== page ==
Many philosophers have argued for a mechanistic universe. In such a universe, given the initial positions and trajectories of particles and enough computing power, it is possible to predict any future state. Such a universe also denies free will, a point that has worried a lot of people. But the universe also appears to be random. How do we reconcile these two views? Well, the argument goes that anything that seems to be random becomes predictable if only enough processing power can be thrown at the problem. Surely God has enough? What does a computer (or a mind) that can predict the future of the universe look like? How do you follow the movements of every single particle in the universe? Whatever the system–whether it is the mind of God or God’s hypercomputer–it has to be based on matter or energy (which, as we know, are interchangeable). The simplest way is with the universe itself. The best model of anything is that thing itself. What could be a better model (simulation, “future memory”) of the universe than itself? (The alternative is an even bigger computer to correctly model the universe. If that is the case, then what is the purpose of the universe? Parsimony would suggest that God keeps only the one universe.) But here we run into the first problem: the universe is incomplete. As Gödel showed, any complex system cannot contain a complete description of itself. In practice, this means that if the universe is a computer model of itself, it is incomplete, thus God cannot rely on it to give an accurate description of itself; there remain gaps in God’s knowledge of the universe.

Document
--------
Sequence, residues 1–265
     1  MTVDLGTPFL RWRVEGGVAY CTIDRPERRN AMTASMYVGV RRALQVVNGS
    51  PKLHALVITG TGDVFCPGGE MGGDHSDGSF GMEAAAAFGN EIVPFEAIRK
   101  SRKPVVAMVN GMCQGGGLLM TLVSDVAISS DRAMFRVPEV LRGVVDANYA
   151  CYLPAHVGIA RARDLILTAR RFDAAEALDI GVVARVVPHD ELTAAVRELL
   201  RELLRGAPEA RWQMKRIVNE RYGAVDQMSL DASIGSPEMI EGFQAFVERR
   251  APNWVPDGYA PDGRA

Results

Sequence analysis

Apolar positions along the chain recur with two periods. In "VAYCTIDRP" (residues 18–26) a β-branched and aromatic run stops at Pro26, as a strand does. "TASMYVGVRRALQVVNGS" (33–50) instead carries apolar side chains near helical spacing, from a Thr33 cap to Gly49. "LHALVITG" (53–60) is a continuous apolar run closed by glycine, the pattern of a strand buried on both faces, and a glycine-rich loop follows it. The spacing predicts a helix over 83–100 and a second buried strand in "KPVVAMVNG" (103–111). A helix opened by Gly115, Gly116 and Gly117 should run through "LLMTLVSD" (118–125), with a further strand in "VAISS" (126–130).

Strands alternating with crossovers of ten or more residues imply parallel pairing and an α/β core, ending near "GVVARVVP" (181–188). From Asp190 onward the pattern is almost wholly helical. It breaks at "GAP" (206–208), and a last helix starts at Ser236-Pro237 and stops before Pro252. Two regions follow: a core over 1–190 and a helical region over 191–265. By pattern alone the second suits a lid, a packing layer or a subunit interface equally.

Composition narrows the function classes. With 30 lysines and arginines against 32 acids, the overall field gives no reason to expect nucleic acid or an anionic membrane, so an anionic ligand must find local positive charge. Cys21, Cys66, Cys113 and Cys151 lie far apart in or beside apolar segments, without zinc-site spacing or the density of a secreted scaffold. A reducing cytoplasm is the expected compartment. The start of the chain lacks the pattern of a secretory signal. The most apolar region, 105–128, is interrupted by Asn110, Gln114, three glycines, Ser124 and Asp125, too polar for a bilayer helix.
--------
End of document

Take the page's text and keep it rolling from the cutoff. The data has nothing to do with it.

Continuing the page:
The very smallest meaningful length in the universe is the Planck length, which is 1.1616 x 10e-35 m. No distance smaller than this has any meaning. If we could be precise to a Planck length about the position of an object of a kilogram, Heisenberg’s uncertainty principle tells us that it would be impossible to know whether the object was at rest or traveling at anything up to 3.3 m/s. This is a limitation imposed by the structure of the universe itself. So to assume that God could know to the precision of a Planck length the location of everything in the universe, in order to be able foresee the entire future of the universe, is to say that God cannot distinguish between objects in motion. The very structure of the universe thus places a limit on God’s knowledge of it.

The second problem arises from the entirely random behaviour of the virtual particles. These sometimes collide with real particles, changing their trajectories. If God relies on some model of the universe to predict the future of the universe from the initial states of its particles, the random appearance of virtual particles will completely mess-up any predictions. An obvious objection is that God knows everything and must therefore know all about every random particle that is ever going to appear. But the same constraint that says that he cannot know the motion of objects if he is to know their precise positions also applies to these virtual particles: if he knows their mass then he cannot know how long they’re going to stick around, and if he knows their lifespan, then he cannot know their mass and therefore their effect on any particles they collide with.

This means that God cannot know the future.

So why did God create the universe (if, indeed, he did)? Perhaps to see what happens.